Karen Carpenter was a paradox. On one side of the spectrum, she’s a role model to girls and women for following her dreams. On the other side, she’s an example of what may happen if mental disorders run their course. She was loved and adored by millions of people but spurned by those closest to her. This is the tragic story of one of the greatest singers of all time.
Karen Carpenter: A Star in a ShadowPublished 1 year ago
She was born March 2, 1950, in New Haven, Connecticut. Her mother was Agnes Reuwer, and her father was Harold Bertram Carpenter. Her parents gave her the name Karen Anne Carpenter. Her father’s parents had been missionaries and he was born in China and was sent to boarding schools in England. Her father found employment in the printing industry while her mother was a housewife, which was common for women at the time.
She had one sibling, a brother named Richard, who was three years her senior. From an early age, Richard had a keen interest and showed tremendous aptitude for music. He was a piano prodigy. Clearly, music ran in the Carpenters' veins.
Agnes made no secret of it, either. While her parents were 100 percent supportive of Richard’s music endeavors, they were unsure how to respond when Karen started showing musical skills to rival that of her brother. They were concerned that she may eclipse him. When she was still a small girl, she loved to dance and took ballet and tap dancing lessons. When she was 13 years old, her father got a job in Downey, Los Angeles and the family moved there.
Part of the motivation for the move was to give Richard the best chance for a music career, as he’d already started performing at a pizza parlor in New Haven from the age of 16.
It was in Downey that Carpenter met a friend, Frankie Chavez, who would inspire her and change her life. She joined the school band and was assigned an instrument called a glockenspiel, which is like a xylophone but with aluminum bars. It didn’t resonate with Carpenter. Instead, she asked to play the drums, like Chavez, who’d learned to play from an early age.
Joe Morello and Ringo Starr were who Carpenter idolized, and both famous drummers played on a Ludwig drumkit, which cost about $300 at the time. Aside from the high cost, female drummers were practically unheard of. Yet, it was Chavez who convinced her parents to fork out the cash and taught Carpenter the ways of drumming, and it wasn’t long before she was whacking out complex beats without batting an eyelid.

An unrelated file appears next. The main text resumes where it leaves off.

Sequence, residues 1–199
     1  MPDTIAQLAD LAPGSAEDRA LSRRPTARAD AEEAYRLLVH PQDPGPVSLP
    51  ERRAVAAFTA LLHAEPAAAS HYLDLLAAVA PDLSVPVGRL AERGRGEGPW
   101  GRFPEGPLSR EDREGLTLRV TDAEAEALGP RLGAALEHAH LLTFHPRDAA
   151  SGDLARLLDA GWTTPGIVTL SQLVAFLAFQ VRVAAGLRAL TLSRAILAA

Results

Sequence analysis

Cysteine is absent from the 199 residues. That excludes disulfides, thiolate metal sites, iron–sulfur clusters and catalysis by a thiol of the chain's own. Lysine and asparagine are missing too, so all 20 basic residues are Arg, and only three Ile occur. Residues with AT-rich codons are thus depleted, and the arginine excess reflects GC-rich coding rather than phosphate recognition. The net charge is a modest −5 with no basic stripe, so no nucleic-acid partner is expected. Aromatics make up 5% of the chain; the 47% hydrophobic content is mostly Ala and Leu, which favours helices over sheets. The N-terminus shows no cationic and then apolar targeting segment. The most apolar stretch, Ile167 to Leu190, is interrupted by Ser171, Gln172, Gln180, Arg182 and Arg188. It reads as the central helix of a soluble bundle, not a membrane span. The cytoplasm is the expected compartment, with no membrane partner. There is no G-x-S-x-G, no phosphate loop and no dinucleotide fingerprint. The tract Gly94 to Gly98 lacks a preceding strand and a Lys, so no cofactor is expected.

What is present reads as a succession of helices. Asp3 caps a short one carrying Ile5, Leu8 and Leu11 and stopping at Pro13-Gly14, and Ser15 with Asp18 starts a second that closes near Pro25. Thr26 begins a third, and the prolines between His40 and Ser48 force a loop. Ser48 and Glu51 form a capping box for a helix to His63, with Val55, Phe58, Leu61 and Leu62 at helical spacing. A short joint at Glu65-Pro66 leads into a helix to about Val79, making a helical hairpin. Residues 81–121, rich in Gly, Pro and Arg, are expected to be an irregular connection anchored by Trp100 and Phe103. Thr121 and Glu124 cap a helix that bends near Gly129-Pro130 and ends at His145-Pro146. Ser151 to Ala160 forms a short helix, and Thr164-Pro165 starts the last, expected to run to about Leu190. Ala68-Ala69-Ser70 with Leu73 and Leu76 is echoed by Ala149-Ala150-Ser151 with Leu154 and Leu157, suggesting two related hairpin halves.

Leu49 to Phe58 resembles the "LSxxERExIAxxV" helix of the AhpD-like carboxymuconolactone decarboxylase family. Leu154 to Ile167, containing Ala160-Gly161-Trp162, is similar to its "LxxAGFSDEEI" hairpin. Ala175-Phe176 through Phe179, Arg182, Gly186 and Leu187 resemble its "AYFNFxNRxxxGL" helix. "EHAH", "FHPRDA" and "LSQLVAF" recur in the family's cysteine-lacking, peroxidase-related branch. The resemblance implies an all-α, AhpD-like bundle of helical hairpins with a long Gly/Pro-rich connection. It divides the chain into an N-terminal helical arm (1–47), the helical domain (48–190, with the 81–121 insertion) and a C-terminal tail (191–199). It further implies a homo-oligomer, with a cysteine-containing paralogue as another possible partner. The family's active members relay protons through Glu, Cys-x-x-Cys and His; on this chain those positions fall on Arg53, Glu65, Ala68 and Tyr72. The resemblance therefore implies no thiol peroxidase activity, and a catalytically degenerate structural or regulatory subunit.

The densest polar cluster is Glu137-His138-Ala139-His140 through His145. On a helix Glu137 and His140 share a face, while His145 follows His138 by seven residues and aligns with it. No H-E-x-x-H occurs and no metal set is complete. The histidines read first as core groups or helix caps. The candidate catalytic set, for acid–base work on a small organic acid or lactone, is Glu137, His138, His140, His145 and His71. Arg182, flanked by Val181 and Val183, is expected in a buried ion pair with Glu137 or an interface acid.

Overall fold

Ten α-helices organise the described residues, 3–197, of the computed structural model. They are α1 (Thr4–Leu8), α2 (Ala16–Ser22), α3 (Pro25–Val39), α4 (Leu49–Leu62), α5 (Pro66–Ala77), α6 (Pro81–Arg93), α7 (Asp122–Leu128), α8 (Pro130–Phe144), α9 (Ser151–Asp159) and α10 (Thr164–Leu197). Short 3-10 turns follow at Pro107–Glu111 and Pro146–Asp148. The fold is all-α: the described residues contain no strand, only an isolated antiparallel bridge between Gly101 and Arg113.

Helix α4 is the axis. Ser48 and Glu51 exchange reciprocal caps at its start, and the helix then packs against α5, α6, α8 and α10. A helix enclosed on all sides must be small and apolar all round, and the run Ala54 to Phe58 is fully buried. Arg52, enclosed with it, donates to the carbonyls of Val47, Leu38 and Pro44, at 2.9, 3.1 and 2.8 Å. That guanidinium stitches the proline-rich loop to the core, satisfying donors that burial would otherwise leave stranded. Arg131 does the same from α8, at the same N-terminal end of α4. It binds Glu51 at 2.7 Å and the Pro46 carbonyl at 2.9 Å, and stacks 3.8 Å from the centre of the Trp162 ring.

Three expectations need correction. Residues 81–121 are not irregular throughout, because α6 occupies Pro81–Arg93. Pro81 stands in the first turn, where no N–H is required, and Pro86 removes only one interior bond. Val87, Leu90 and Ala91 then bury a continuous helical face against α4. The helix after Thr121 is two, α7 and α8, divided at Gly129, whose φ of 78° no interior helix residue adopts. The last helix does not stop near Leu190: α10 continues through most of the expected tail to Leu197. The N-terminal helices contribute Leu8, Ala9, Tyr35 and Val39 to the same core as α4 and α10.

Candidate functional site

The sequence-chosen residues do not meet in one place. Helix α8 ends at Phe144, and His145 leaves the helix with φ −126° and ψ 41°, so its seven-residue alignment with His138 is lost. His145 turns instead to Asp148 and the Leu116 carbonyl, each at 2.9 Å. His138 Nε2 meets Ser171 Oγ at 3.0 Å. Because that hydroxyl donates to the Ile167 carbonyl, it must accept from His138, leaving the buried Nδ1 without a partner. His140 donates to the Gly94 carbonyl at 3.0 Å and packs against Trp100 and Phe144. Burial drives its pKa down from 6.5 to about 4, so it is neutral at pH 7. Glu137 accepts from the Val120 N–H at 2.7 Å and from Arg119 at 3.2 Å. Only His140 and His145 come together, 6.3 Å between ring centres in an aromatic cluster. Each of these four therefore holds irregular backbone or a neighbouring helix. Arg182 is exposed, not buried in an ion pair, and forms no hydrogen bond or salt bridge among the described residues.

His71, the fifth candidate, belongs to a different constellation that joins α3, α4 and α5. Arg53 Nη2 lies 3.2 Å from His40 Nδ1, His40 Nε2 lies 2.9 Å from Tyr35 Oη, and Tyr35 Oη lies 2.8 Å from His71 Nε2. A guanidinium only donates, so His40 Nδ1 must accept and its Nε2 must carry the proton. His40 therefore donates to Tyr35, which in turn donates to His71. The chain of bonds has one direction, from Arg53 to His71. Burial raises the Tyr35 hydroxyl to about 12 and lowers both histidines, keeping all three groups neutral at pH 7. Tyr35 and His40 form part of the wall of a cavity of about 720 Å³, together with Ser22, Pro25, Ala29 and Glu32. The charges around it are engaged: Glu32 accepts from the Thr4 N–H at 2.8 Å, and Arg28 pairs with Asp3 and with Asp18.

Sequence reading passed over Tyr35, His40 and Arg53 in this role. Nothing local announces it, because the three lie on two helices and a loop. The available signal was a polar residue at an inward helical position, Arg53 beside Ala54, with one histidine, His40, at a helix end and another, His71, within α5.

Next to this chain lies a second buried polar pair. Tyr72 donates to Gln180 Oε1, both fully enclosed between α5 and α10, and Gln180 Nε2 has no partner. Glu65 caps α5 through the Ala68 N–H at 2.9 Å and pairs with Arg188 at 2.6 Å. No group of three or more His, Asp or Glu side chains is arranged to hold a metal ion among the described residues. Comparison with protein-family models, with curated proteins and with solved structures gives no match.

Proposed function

The first band Carpenter joined was with friends from high school. The three-girl band called themselves Two Plus Two. They split after Carpenter suggested that her brother join them. It sounds sexist. In 1965, The Dick Carpenter Trio was formed, consisting of the two Carpenter children and Richard’s friend Wes Jacobs, who played the tuba and bass.
They played jazz at nightclubs and made an appearance on Your All-American College Show. Richard praised his sister’s talent, saying she would "speedily maneuver the sticks as if she had been born in a drum factory". At this point, she wasn’t singing but was quite happy to get lost in her percussive performance.
The Carpenters got invited to an audition with renowned bassist Joe Osborn, and though she had intended to only be on drums, Karen ended up trying out for vocal auditions and made everyone present take notice. Osborne signed her to his label, although he didn’t think Richard was anything special. Some of the projects they did with Osborne include a song written by Richard called “Looking For Love,” which went to become a collectible as there are only around 500 copies in existence, each worth $2,500.
Karen graduated in 1967, the same year that Jacobs left the Carpenters to pursue studies at Juilliard. Karen joined Long Beach State and joined the college choir, where the director helped her develop her three-octave range and told her that her voice would be particularly well-suited to pop.
The next project the duo got involved in was an ensemble named Spectrum, which included John Bettis, Leslie Johnston, Gary Sims, and Danny Woodhams. Their sound focussed heavily on pioneering new ways to overdub vocals and create harmonies. They were nothing like the hard and psychedelic rock bands that were dominating the scene. The societal focus was very much on rebelling against authority.
When Richard and Bettis got a gig at Disneyland playing as a banjo and piano duo, they were instructed to play specific songs from the early 1900s. But when the crowd asked them to play popular, modern songs, they were eager to play the sounds that make the crowd happy. Doing covers of songs such as “Yesterday” and “Light My Fire” got them fired from Disneyland. In response, Richard wrote a song to his former boss that he and Karen recorded.
In 1969, The Carpenters got signed to A&M Records with Karen on drums and vocals and Richard on vocals. She also played the bass guitar on two tracks of the first album they released, initially titled “Offering”, but later changed to “Ticket to Ride” - which is also the title of the Beatle's cover song on the album which garnered them a great deal of acclaim.
In fact, Paul McCartney himself called Karen’s vocal ability “the best female voice in the world” after hearing her rendition of their song. The only problem was that no one could see Karen when they played shows, as the diminutive woman was only 5-ft-4 behind her giant drumkit.